Organizations live and die by the health of their sales process. It is a given that the number-one concern for leaders of small and large businesses alike is to answer these questions:
Where is the next sale coming from, and how can we make it happen faster?
Sales is the lifeblood of their business, keeping their company alive and their employees paid. None of us are owed or guaranteed sales, so it is imperative that an effective sales process is built.
The Stages of a Successful Sales Process
We all know that time is the business leader’s greatest resource, and sometimes the lack of time is what makes people avoid doing the one key thing that must happen to begin a healthy sales process. However, “above the funnel” sales effort is critical work that should come before everything else. First, let’s examine what a sales funnel is and what the stages are as potential customers flow through it.
Think of a giant funnel with a wide opening that diminishes in size. At the very top of that wide-mouthed funnel are all of the leads you have generated. As you work these leads and sift through the solid ones to find the actual prospects, people who have a need you can fill, the funnel narrows. You then work hard building relationships with these prospects to turn them into opportunities. Opportunities are prospects that you have developed into potential clients with whom you have entered into serious discussions.
These opportunities are generally where most people want to spend their time. These prospects are so close to actually becoming customers that you can almost taste it. If you can convert them and close the deal, you will experience the satisfaction of securing a sale for your business, and the security of the income it will generate. But spending all of your time here is a mistake.
Where You Must Spend Your Time
Seriously successful salespeople know that the most critical part of the sales process actually starts before they even get to the funnel; it’s the work they call “above the funnel.” The people above your sales funnel aren’t thinking about you, your product, or your service… yet. What you need to know is what they are thinking about, what worries them, where is their energy and time spent, and how you can reach them while they’re thinking about those things.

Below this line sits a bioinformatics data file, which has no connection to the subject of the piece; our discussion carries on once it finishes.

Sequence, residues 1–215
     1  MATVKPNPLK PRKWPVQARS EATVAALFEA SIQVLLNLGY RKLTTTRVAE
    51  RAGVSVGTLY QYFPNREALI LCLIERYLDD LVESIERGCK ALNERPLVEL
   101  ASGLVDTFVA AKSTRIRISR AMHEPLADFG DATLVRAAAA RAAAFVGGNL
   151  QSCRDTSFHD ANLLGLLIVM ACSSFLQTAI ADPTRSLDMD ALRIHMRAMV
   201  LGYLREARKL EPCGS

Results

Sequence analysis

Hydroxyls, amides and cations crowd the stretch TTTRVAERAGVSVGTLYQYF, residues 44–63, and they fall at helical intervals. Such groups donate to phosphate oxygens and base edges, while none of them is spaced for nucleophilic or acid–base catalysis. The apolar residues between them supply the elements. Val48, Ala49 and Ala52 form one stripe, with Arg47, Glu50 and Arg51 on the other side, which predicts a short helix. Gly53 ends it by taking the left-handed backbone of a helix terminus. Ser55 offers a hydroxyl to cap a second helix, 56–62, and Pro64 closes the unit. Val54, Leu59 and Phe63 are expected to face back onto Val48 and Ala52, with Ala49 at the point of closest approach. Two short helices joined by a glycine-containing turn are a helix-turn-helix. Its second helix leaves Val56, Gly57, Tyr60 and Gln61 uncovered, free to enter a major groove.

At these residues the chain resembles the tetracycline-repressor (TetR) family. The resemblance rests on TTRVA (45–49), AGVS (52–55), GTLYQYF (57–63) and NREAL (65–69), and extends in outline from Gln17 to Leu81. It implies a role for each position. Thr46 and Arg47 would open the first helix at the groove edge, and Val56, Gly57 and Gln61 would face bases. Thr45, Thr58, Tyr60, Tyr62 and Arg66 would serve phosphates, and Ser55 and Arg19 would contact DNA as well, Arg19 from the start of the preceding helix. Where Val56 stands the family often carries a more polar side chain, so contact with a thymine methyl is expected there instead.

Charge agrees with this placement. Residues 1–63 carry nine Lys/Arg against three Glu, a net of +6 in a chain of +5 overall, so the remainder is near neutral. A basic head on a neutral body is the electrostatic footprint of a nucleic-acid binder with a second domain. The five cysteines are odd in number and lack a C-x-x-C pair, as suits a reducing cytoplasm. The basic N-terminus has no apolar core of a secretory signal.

The work you do above the funnel is the work that will bring you prospects, people actively looking for your product or solution. It may look like any of these:
- Social media activity. For a while it was popular to call this “social selling,” but that is really a misnomer. Nothing is sold on social media; it is marketed. The activity you do on social media to present yourself as a thought leader and problem solver is above-the-funnel work that will make future prospects sit up and take notice of you.
- Content creation. This is really a marketing activity, but smart salespeople understand the value it brings, especially if they create it. If you want to be known as a trusted advisor, someone who provides solutions to your prospects’ problems, blogging regularly to provide advice is a superb above-the-funnel activity. But it does take time and discipline.
- Networking. Whether you network online or in person, at its core, this activity is about building new relationships, and it’s where prospects are born.
Perhaps the most common issue responsible for a lack of success in sales has to do with this above-the-funnel work not getting done. A client’s pressing needs or the temptation to close prospects often push this work off your plate. You think you’ll do it when you have more time. You downgrade its importance. Then, before long, your sales funnel begins to dry up because new leads aren’t being nurtured.
The Process Is What Helps You Avoid Mistakes
Building an effective sales process doesn’t happen by accident. You must understand both the fundamentals of sales and the proper stages of the process. Then, once you’ve gained all of that knowledge, you must have the discipline to work through that process on a daily basis. There really is no magic solution to building a healthy business. People and businesses don’t succeed over the long term through luck, or even because of economic conditions. They succeed when they build a sales process that keeps their company healthy, creating new opportunities every day.
If you want to learn more about how to build and implement a winning sales process, watch SAP’s recording of our recent Webinar with global sales leader, Anthony Iannarino, “The Top 3 Challenges Small Sales Teams Struggle With…Solved.” Click here to watch the recording.
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